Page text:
have been never materialized for death deprived history of even greater accomplishments. History, however,
cannot deny the fact that Louis, a Franciscan Tertiary, lived his faith and preached through example. In fact, this
stately king lived the austerity of a monk, praying daily the Divine Office and attending Daily Mass. He received
from the Latin emperor in Constantinople the priceless gift of the authentic Crown of thorns that pressed
against Our Lord's skull. To honor this sacramental relic, Louis built the renowned Sainte Chapelle in Paris.
Thirty seven years after his death Pope Boniface VII canonized Louis, who was a champion of both the poor and privileged classes.
SAINT JOSEPH CALASANZ, PRIEST, RELIGIOUS FOUNDER AND EDUCATOR
Like Saint Louis, the holy priest Saint Joseph Calasanz was born into royalty. Joseph was the youngest son of the Count Pedro Calasanz from the Castle of Peralta de la Sal in Aragon, Spain. Having the wherewithal to persue his studies, Joseph studied in the finest universities and went on to teach civil and canon law at the University of Alcala before becoming a priest in 1584, despite his father's vocal desire that Joseph become a career soldier. His career was indeed as a soldier, but as a special soldier of Christ. He was appointed Vicar General of his diocese and was soon summoned to Rome where he became theologian for Cardinal Ascanio Colonna. It was in the eternal city that Joseph became renowned for his work with the poor and the sick during the plague of 1595, as well as educating the underprivileged children. In 1597, with the aid of two other priests, he opened a school with no tuition for poor students. Some competitive institutions, who charged great sums to educate, mounted a smear campaign to discredit Fr. Calasanz and his fellow priests as well as their curriculum. It became so vicious that Pope Clement VIII conducted a thorough investigation and found Joseph's school and all parties involved above reproach. So impressed was the Holy Father that he put the school under papal protection which created more schools throughout Italy as well as Bohemia, Germany, Moravia and Poland. This subsequently resulted in the recognition of the religious order of the Clerks Regular of Religious Schools where St. Calasanz served as the first superior general. However, as is so often the case with new religious communities, satan tries his darndest to divide and conquer. So also with Fr. Calasanz' organization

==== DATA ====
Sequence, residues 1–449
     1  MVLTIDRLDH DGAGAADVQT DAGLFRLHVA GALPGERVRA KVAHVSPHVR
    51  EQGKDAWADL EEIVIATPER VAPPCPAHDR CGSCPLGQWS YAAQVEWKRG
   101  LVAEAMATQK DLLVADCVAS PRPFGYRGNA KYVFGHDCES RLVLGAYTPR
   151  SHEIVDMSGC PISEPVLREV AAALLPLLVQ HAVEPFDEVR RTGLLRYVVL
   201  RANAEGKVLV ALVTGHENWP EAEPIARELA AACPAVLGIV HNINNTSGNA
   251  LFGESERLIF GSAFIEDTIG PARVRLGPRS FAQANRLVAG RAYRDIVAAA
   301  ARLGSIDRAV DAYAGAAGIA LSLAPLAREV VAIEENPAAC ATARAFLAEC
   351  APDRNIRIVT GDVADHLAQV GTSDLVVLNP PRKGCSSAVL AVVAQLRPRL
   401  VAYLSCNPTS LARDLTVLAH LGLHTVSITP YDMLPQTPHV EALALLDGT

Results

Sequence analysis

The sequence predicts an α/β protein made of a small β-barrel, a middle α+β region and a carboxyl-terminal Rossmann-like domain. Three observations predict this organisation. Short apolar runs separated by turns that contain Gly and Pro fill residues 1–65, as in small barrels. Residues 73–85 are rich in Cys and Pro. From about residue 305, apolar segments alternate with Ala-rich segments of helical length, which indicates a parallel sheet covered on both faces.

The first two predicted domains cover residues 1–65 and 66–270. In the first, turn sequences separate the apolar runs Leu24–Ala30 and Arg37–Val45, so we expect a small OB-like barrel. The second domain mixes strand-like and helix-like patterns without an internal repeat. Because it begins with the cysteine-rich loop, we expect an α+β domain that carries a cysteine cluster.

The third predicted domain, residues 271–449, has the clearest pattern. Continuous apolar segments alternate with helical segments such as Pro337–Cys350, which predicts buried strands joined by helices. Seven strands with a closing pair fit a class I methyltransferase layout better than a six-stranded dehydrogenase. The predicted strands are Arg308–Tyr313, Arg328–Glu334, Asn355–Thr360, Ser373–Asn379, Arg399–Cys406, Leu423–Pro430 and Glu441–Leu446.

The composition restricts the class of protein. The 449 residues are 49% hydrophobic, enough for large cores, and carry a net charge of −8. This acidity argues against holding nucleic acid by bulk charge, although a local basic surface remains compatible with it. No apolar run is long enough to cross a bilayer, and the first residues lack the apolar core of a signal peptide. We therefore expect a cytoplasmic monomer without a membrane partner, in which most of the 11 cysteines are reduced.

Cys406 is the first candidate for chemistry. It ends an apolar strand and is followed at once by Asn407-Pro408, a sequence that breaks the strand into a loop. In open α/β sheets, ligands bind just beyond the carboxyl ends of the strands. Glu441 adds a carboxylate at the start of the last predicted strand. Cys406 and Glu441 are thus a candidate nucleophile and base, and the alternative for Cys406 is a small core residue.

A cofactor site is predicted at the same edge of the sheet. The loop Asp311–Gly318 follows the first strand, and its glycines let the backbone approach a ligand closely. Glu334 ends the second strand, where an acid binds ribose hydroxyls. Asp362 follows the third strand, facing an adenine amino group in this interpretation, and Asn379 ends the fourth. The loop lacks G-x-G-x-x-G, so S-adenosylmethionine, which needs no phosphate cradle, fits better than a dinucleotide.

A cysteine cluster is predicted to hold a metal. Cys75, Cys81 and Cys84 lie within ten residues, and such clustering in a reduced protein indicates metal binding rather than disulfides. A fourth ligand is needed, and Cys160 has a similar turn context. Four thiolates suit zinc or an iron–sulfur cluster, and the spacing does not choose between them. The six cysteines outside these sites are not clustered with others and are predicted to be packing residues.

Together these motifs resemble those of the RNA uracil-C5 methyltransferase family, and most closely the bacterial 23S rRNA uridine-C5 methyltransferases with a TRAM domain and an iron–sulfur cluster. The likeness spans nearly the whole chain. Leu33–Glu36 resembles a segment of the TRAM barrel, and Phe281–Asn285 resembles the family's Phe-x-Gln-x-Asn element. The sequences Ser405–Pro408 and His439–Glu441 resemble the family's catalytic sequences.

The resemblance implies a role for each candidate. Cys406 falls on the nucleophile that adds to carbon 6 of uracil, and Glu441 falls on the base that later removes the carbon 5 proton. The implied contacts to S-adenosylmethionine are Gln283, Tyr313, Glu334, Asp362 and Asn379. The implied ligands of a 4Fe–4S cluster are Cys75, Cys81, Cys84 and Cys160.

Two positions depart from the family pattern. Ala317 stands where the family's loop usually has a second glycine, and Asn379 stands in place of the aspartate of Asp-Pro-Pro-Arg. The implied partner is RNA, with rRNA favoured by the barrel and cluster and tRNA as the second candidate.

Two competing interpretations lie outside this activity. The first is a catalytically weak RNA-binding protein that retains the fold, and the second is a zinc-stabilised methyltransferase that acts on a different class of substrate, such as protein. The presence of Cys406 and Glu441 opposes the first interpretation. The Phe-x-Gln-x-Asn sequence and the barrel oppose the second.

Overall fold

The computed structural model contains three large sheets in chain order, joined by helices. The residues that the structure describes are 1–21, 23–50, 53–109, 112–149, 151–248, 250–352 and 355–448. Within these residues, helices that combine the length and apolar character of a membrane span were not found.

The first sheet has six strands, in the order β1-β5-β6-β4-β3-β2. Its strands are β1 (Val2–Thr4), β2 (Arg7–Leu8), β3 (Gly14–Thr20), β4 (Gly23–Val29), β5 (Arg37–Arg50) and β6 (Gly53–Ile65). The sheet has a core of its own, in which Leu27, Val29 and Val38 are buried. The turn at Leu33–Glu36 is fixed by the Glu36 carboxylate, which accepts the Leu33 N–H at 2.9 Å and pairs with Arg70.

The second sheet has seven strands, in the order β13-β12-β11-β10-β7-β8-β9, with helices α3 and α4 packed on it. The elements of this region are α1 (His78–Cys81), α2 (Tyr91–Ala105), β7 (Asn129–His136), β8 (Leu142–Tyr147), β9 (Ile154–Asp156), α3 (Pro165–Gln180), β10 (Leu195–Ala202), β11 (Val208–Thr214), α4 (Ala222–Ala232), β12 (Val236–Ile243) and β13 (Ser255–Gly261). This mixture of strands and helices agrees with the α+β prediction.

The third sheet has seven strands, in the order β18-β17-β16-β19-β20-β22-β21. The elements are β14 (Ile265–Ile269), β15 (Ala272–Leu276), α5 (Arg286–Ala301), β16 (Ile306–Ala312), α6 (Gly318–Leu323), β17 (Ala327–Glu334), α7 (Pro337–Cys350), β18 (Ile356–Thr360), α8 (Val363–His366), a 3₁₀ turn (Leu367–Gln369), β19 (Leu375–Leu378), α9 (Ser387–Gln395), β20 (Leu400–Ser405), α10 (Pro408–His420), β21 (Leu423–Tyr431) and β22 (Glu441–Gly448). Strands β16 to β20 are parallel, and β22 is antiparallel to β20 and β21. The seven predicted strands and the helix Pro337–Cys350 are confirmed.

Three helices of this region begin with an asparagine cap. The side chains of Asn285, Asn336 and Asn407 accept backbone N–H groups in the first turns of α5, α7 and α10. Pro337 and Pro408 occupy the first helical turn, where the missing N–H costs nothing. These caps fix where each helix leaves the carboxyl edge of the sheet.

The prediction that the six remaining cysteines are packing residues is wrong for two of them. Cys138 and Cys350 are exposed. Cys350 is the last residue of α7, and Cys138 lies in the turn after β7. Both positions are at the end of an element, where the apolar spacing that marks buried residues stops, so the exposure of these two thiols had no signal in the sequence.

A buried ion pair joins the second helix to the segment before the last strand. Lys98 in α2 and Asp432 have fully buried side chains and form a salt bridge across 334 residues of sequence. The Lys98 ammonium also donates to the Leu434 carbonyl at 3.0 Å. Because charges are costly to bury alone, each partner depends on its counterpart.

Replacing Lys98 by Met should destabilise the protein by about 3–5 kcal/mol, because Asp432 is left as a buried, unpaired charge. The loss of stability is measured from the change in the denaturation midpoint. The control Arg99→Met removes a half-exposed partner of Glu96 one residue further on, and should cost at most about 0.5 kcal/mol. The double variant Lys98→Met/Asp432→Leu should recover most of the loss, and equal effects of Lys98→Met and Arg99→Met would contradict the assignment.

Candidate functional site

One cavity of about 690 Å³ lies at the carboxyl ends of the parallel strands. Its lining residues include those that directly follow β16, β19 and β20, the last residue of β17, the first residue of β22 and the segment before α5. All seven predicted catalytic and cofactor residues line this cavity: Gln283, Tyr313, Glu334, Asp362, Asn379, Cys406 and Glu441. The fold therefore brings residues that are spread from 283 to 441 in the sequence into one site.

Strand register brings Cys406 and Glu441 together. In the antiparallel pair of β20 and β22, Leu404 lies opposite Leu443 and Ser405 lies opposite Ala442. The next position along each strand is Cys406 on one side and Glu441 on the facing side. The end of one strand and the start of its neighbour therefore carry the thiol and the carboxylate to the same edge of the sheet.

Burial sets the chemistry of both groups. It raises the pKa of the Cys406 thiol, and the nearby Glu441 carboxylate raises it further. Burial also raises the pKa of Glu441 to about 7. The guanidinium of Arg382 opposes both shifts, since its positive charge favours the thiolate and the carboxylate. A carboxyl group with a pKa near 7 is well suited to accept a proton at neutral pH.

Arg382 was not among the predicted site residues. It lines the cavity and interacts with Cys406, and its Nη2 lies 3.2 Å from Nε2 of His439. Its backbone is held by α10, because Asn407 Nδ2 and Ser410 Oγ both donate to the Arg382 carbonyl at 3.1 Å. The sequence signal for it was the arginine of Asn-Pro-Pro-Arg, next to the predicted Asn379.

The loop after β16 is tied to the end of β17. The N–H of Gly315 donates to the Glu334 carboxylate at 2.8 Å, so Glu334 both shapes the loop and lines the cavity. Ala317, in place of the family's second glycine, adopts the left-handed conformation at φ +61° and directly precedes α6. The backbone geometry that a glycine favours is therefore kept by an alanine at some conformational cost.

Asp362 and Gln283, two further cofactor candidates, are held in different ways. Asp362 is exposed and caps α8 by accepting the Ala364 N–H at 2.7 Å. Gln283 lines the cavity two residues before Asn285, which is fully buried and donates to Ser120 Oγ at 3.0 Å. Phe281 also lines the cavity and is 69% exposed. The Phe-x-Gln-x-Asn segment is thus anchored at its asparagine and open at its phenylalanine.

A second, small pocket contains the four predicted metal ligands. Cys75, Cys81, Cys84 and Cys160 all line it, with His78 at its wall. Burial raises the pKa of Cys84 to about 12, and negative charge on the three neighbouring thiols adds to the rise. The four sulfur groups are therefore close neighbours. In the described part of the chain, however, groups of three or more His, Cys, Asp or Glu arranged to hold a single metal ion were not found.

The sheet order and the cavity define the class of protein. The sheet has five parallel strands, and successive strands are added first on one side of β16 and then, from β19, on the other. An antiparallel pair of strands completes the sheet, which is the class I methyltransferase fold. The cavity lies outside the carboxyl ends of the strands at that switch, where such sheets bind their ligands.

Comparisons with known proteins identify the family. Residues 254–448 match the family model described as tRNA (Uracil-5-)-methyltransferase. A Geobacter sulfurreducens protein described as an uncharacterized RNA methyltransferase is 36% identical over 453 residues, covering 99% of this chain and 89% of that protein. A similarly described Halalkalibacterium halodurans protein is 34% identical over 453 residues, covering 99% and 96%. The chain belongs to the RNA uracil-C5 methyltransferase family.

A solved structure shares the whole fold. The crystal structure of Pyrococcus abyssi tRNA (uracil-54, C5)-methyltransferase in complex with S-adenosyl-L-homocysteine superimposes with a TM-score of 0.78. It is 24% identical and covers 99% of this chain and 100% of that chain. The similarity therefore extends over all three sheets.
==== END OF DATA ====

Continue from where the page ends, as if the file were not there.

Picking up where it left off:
as some of his close associates within the order decided to follow their own agenda and the bickering and
backbiting provided a tremendous cross for this holy, dedicated priest. One of his great friends Fr. Mario Sozzi turned on Joseph which resulted in the latter being removed as superior general and Sozzi being appointed. Shortly after Sozzi died and his successor Fr. Cherubini followed Sozzi's policies, much to the detriment of the order which was placed under investigation by Pope Innocent X and dissolved in 1646. In its place the pontiff ordered all priests who wished to continue to form a new society of secular priests that they would be subject to their local bishop. He called upon Fr. Cherubini to draw up a new constitution, but a funny thing happened on the way to the forging of a new order; Fr. Cherubini was caught skimming funds from Nazarene College where he was rector. He was forced to resign and, after a period of repentance, reconciled with Joseph who he realized had been greatly maligned by Sozzi and his cohorts. Shortly thereafter Joseph (also known as Saint Joseph Calasanctius), still broken hearted but trusting in God, died on August 25, 1648 in Rome at the ripe age of 92. He would not live to see the fruits of his labors as eight years later his order was reformed and recognized in 1669 as a religious order known as the Piarists by Pope Clement IX. Ninety eight years later he was canonized by Pope Clement XIII in 1767 and proclaimed patron saint of popular Christian schools by Pope Pius XII in 1948.